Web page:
Jacqui Dankworth,
Detour Ahead
(Candid, 2004)

English jazz singer Jacqui Dankworth may not yet be enjoying the media attention of the likes of Diana Krall and Norah Jones, yet hers is the voice that I most enjoy listening to! Her vocal range and pitch are dynamite; her voice weeps, smiles, swoops and bends with immense ease -- this is a highly assured, elegant album of both original and cover songs, and it shimmers with fine detail.

With Field of Blue behind her, Dankworth has assembled an astonishing backing band -- brother Alec on double bass, ace Manchester guitarist Mike Outram, drummer/percussionist Roy Dodds and pianist Malcolm Edmonstone. Outram in particular expresses himself sublimely on whatever guitar he picks up, and I would personally love to hear more of his work. Edmonstone's contribution to this project is also hugely significant, and I think that, because of him, Detour Ahead becomes even more satisfying musically than Dankworth's last release, As The Sun Shines Down on Me. Edmonstone's piano playing lends elegance and a sure, playful touch to the whole; his restraint is stunningly effective on numbers like "My Romance," "Not Like This" and "Time Takes Its Time."

Dankworth's breathy vocals brim with nuance on "But Beautiful," and Outram's soulful playing is superb here. Title track "Detour Ahead" is the perfect vehicle for Outram's very distinctive voicing, and Dodds creates a real feeling of movement on drums. "The Island" is a beautiful, sensual song that moves you along with its gentle Latin rhythm, and Dankworth's voice literally seems to smile (even wink) at you on Lowe & Learner's "On the Street Where You Live" (Alec Dankworth's bass solo is superb here, too). "Strange Woman" reveals Dankworth's incredibly fine control of vocal pitch -- a beautiful song.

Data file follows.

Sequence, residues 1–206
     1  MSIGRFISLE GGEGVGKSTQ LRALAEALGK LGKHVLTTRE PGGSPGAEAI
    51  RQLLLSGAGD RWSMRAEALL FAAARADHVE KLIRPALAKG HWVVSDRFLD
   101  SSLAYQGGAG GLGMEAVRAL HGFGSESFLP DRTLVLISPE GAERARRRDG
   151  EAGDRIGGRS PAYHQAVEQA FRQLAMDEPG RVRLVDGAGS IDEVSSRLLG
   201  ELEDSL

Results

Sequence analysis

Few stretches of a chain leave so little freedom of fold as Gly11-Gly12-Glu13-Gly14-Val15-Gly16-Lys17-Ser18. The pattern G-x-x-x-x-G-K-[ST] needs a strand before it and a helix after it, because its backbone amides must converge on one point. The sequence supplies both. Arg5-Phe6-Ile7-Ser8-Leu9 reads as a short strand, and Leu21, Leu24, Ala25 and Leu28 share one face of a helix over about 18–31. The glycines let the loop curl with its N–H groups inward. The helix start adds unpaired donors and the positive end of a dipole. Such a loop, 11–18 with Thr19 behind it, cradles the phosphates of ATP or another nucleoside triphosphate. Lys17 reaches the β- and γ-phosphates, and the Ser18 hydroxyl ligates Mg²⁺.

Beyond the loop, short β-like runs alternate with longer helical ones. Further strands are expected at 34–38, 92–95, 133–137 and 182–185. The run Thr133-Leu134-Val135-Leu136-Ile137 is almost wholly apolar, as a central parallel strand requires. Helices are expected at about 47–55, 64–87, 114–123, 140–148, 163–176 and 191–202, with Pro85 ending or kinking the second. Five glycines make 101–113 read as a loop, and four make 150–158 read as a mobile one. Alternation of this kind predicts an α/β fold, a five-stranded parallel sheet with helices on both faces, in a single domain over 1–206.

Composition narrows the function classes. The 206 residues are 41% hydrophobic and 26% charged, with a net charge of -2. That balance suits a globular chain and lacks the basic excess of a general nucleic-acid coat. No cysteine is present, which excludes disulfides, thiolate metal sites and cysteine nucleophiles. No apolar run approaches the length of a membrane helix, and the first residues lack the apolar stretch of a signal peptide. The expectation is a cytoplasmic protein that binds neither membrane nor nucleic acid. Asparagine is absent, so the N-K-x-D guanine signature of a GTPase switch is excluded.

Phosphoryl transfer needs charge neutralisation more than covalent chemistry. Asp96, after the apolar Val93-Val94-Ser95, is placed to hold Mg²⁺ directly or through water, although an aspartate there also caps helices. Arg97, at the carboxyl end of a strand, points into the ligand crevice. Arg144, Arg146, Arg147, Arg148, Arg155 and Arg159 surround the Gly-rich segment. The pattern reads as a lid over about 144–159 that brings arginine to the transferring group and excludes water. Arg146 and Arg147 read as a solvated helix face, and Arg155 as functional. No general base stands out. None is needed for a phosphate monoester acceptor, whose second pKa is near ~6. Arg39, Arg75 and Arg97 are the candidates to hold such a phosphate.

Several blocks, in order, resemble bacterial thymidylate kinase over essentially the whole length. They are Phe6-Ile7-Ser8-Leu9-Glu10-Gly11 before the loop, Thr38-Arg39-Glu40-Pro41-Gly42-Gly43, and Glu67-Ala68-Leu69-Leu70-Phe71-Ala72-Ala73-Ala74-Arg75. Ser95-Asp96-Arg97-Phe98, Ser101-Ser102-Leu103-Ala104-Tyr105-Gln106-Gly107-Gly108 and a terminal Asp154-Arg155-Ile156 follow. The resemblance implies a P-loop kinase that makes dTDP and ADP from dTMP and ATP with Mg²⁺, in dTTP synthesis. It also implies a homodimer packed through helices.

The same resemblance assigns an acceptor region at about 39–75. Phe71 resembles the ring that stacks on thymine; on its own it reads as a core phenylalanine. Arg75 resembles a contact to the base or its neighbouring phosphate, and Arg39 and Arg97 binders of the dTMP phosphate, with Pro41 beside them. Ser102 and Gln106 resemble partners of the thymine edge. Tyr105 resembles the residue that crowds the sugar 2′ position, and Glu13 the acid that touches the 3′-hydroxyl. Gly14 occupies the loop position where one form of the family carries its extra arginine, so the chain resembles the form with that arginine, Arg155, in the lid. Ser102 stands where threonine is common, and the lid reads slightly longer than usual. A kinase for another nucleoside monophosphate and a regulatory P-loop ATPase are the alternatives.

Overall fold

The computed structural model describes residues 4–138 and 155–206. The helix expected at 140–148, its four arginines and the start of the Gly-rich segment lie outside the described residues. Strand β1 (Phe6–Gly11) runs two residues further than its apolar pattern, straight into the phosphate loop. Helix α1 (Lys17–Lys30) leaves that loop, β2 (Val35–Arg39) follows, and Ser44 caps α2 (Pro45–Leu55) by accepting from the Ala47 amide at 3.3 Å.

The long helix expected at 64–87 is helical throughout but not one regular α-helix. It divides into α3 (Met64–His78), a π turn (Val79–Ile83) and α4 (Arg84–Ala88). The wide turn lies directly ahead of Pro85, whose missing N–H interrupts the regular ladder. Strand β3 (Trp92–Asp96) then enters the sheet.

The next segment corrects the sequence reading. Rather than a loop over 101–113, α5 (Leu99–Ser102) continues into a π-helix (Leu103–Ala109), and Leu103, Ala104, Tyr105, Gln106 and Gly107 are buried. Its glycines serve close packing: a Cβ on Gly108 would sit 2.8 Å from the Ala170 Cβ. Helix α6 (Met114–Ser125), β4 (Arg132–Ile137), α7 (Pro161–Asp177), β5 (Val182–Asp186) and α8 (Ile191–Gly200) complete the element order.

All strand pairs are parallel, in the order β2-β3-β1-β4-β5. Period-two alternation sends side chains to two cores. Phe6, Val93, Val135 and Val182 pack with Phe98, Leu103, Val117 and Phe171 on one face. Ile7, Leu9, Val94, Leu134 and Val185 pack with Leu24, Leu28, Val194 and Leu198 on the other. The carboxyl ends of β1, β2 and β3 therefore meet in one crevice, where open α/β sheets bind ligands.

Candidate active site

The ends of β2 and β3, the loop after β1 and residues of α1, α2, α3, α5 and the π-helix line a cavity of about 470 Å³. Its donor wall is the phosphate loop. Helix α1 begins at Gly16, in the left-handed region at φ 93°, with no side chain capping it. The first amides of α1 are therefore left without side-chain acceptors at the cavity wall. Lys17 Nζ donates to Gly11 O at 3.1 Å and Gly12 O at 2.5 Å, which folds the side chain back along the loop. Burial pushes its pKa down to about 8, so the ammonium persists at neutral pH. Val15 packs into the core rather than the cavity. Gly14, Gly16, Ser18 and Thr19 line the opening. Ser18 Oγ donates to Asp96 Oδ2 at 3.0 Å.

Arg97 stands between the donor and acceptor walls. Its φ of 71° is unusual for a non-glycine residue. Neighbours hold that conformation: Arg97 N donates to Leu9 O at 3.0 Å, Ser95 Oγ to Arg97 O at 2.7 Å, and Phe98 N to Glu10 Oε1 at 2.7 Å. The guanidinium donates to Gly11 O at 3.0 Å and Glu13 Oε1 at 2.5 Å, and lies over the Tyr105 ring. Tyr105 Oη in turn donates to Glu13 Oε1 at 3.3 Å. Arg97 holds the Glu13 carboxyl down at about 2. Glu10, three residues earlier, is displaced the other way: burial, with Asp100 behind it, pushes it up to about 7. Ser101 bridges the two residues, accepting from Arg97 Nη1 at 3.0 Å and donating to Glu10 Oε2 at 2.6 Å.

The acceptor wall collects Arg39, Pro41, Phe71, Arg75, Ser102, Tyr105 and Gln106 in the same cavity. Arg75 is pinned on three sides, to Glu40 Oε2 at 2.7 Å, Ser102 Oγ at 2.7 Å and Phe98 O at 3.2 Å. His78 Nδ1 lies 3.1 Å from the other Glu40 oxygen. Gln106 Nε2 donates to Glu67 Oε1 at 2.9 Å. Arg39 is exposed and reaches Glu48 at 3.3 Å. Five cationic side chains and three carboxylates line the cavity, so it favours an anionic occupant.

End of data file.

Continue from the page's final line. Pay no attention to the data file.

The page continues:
A shining highlight of this collection is "Gentle Rain" -- guest musician Dominic Seldis' bowed bass playing is incredibly beautiful here, delivered with an almost weeping perfection. Outram turns to acoustic guitar on this number -- the accompanying piano and softly brushed drums, together with Dankworth's stunning bass solo, complete the bliss -- magical!

There are 12 tracks on this album -- Dankworth chooses her material well. There's an inspired interpretation of "I Can't Make You Love Me" and a well-paced version of Paul Simon's "Train in the Distance" with a punchy, direct vocal. The album closes with brilliantly controlled guitar playing, great percussion and the fantastic trumpet playing of Linley Hamilton on Dankworth/Outram/Dodd's excellent "Come Home Baby" -- some great vocal effects, too!

This album reveals the exquisite vocal capabilities of Dankworth, the daughter of British jazz musicians Dame Cleo Laine and John Dankworth, and brings to the fore some of the United Kingdom's finest jazz musicians. Warmly recommended.

- Rambles
written by Debbie Koritsas
published 28 August 2004